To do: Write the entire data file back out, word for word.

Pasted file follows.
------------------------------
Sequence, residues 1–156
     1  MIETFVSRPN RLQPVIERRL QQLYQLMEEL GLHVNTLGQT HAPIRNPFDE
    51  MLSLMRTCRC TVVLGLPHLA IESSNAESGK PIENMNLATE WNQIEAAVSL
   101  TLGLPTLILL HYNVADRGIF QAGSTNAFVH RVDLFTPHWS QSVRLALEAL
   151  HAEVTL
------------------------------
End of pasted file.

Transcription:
Sequence, residues 1–156
     1  MIETFVSRPN RLQPVIERRL QQLYQLMEEL GLHVNTLGQT HAPIRNPFDE
    51  MLSLMRTCRC TVVLGLPHLA IESSNAESGK PIENMNLATE WNQIEAAVSL
   101  TLGLPTLILL HYNVADRGIF QAGSTNAFVH RVDLFTPHWS QSVRLALEAL
   151  HAEVTL